TALES FROM HIGH HALLACK is expected to comprise three volumes. The stories are pulled from throughout her career - magazines, anthologies, and her own collections. What I liked most is that I did not have to be an expert in the author's various universes to enjoy these stories. I devoured the arthurian legend, the Witch World stories, the fantasies, science fiction tales, dystopian short, and the non-magical contemporary piece, appreciating each for its own merit. Here are my favorites from this first "Best of" collection, which comprised eighteen previously-published works.

* "That Which Overfloweth" (Grails, 1992): A shrine is attacked, but the most important treasure of all is overlooked.

* "By a Hair" (Phantom Magazine, 1958): How much can hedge magic and faith in old gods change in a Soviet-occupied valley in the lives of four people?

* "The Gifts of Asti" (Fantasy Book, 1948): Combines faith, magic, and science to renew the hope of a temple devotee and a lizard fleeing from invaders.

* "Falcon Blood" (Amazons, 1979): Witch World story resolving the mystery of the silent falcon people.

* "The Dowry of the Rag Picker's Daughter" (Arabesques, 1988): Straight-up Arabic fairy tale involving a wizard, an ungrateful (beautiful) princess, the thrifty (mean) ragpicker, and that man's shy (ugly) daughter.

* "All Cats Are Gray" (Fantastic Universe, 1953): Steena of the Spaceways and her cat, Bat, save the space expedition. Hint: The title is ironic.

* "Black Irish" (The Boy's World, 1939): A well-crafted non-magical conflict at a boys' boarding school.

* "Dream Smith" (Spell of Witch World, 1972): A new metal cripples and scars the village blacksmith, who later falls in love with a lord's handicapped daughter.

* "One Spell Wizard" (Garan the Eternal, 1972): Will the stuttering apprentice wizard be able to defeat his evil master with the one spell he was able to learn?

At the risk of being considered heretical, I find Norton's short stories surpass her novels in most standards of measurement. She includes more emotion. More input from the five senses. Her pacing flows, and the plot elements weave together, rather than seem to joust for position. I like her novels - Don't get me wrong - but they can be difficult to climb inside, difficult to walk within a character's skin. These short stories feel more human, for lack of a better term. I suppose this is exactly why some musicians sell a "Best of" collection. Their most devoted fans will hate it for what is left out, but it will please the reader who graises on many authors' works.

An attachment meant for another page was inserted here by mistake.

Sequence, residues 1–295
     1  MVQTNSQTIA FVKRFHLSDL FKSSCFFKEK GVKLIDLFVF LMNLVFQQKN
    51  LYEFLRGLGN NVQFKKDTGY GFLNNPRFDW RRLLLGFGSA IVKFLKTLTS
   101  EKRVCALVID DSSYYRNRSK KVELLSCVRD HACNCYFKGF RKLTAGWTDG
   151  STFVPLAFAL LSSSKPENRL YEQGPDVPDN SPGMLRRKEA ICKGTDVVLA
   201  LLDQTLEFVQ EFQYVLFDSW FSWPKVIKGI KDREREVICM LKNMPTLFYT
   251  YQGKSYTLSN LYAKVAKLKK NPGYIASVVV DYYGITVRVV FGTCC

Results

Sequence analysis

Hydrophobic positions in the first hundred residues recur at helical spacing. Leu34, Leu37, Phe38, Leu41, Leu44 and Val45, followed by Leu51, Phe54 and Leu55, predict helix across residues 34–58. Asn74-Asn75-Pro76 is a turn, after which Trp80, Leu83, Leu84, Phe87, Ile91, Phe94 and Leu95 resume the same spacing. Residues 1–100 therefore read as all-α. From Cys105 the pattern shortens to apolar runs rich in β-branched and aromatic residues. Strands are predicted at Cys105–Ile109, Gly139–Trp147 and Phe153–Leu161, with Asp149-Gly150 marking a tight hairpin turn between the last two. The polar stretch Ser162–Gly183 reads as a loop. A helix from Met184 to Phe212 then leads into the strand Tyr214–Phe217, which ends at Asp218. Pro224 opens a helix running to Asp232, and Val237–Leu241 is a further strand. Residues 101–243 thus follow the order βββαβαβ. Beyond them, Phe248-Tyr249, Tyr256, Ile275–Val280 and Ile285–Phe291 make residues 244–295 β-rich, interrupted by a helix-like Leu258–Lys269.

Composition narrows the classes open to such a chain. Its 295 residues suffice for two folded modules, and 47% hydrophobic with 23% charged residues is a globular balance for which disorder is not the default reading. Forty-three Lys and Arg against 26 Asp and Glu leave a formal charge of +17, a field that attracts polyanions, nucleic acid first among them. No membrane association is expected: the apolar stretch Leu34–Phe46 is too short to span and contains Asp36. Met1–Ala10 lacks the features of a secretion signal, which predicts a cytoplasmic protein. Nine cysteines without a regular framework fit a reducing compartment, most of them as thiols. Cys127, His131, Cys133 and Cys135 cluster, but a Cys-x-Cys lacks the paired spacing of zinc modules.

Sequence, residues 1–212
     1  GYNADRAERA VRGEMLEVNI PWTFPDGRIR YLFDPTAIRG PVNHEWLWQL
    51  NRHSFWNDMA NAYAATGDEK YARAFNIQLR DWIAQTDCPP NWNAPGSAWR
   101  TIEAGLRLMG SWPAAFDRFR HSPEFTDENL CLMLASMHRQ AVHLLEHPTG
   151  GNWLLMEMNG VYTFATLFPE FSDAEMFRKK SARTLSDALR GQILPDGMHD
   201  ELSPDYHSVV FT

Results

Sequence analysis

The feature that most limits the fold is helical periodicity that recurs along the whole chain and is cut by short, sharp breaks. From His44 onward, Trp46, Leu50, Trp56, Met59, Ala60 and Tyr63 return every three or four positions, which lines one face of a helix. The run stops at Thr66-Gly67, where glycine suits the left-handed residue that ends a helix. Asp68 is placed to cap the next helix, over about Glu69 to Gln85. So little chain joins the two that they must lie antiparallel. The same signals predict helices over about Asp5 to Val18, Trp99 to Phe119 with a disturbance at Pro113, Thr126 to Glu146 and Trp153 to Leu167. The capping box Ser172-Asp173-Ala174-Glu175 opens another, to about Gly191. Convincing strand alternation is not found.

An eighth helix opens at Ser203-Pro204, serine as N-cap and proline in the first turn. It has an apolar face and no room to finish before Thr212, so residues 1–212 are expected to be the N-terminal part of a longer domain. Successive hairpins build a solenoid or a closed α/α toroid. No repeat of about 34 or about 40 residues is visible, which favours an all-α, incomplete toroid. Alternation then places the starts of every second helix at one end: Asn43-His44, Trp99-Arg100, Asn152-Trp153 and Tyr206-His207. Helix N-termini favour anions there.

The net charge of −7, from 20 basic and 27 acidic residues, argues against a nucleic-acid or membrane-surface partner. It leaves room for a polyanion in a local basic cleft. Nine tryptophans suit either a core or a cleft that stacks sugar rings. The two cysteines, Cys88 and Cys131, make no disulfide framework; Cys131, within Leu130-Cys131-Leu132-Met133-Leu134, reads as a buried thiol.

Here are a few more Andre Norton books to read and devour:
Beast Master's Planet: Omnibus of Beast Master and Lord of Thunder (Beastmaster)
The Gate of the Cat (Witch World Series (Estcarp Cycle), 8)
The Elvenbane
7 of 8 people found the following review helpful
Mixed shorts 3 Oct. 2014
By Edward P. McLean - Published on Amazon.com
Format: Kindle Edition
Big fan of Andre Norton. She was the most productive and in some ways innovative writer of YA fantasy/science fiction in the last half of the twentieth century. This is a collection of her short stories culled from her long productive life. A few are classics, but most are not her best work. Still a nice read for Norton fans.
9 of 12 people found the following review helpful
...no words necessary, Andre Norton's writings say it all! 14 Jan. 2014
By eyes.2c - Published on Amazon.com
Format: Paperback
A treasure trove of Norton's short stories.
Stories of powers unleashed, of battles from within and without.
Dark forces bent on persuasion, of stealing life force and so much more, of people turned towards matters beyond the normal ken. Of hero's of the light standing against the shadows, to the death if need be, for the benefit of those now and to come. Of gods made and unmade, of wise women in their element, of the not-so-wise, and of ordinary men and women touched by powers both big and little, light and dark.
In the story, 'Sword of Unbelief,' Jevron has been taken by evil men. We follow his trail through the grey Waste with his lady and companion, Elys. She has some small Talent, but to bring it forth in the place she eventually finds herself, would be to entice her own destruction. Her very soul could be riven from her. She must find another way out of this confrontation with a dark power to win free both herself and Jevron. Jevron and Elys have always been amongst my favourite Norton characters.